Downregulation of NANOG induces differentiation of human embryonic stem cells to extraembryonic lineages

Louise Hyslop, Miodrag Stojkovic, Lyle Armstrong, Theresia Walter, Petra Stojkovic, Stefan Przyborski, Mary Herbert, Alison Murdoch, Tom Strachan, Majlinda Lako

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330 Citations (Scopus)


The homeobox transcription factor Nanog has been proposed to play a crucial role in the maintenance of the undifferentiated state of murine embryonic stem cells. A human counterpart, NANOG, has been identified, but its function and localization have not hitherto been described. We have used a combination of RNA interference and quantitative real-time polymerase chain reaction to study NANOG in human embryonic stem and embryonic carcinoma cells. Transfection of NANOG-specific small interfering RNAs reduced levels of NANOG transcript and protein and induced activation of the extraembryonic endoderm-associated genes GATA4, GATA6, LAMININ B1, and AFP as well as upregulation of trophectoderm-associated genes CDX2, GATA2, hCG-alpha, and ACG-beta. Immunostaining of preimplantation human embryos showed that NANOG was expressed in the inner cell mass of expanded blastocysts but not in earlier-stage embryos, consistent with a role in the maintenance of pluripotency. Taken together, our findings suggest that NANOG acts as a gate-keeper of pluripotency in human embryonic stem and carcinoma cells by preventing their differentiation to extraembryonic endoderm and trophectoderm lineages.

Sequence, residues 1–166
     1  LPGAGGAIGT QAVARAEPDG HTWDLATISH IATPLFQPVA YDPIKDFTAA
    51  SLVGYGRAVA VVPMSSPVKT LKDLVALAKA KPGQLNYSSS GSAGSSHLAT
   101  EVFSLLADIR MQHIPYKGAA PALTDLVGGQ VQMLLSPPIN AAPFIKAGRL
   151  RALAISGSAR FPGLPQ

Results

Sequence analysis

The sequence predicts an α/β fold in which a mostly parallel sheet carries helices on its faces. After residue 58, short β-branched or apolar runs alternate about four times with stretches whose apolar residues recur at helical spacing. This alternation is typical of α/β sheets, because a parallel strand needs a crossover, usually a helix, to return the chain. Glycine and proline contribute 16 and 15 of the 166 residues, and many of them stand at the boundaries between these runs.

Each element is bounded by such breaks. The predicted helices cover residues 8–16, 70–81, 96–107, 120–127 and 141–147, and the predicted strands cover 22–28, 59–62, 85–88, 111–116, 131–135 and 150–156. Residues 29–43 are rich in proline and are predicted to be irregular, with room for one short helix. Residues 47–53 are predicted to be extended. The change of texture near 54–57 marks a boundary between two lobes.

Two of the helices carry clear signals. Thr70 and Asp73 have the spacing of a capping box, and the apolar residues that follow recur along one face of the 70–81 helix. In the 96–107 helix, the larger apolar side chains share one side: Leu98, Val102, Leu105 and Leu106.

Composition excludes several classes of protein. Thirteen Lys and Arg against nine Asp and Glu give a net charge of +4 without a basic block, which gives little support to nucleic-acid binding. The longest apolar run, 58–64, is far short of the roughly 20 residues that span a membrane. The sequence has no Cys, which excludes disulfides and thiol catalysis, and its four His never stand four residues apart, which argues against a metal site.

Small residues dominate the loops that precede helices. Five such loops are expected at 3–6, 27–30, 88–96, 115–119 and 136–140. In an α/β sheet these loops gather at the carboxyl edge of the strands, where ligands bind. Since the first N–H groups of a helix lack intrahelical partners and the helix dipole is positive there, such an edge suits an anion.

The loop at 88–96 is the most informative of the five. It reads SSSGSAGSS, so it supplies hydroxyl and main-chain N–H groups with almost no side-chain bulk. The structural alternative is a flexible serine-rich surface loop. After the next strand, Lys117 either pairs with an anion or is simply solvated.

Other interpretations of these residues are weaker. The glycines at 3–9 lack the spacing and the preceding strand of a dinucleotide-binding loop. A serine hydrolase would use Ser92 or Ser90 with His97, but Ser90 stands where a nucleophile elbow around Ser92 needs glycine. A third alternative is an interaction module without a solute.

Original languageEnglish
Pages (from-to)1035-1043
Number of pages9
JournalStem Cells
Issue number8
Publication statusPublished - Sept 2005
Externally publishedYes


  • Human embryonic stem cells
  • Pluripotency
  • Primitive endoderm
  • Small interfering RNA
  • Trophectoderm

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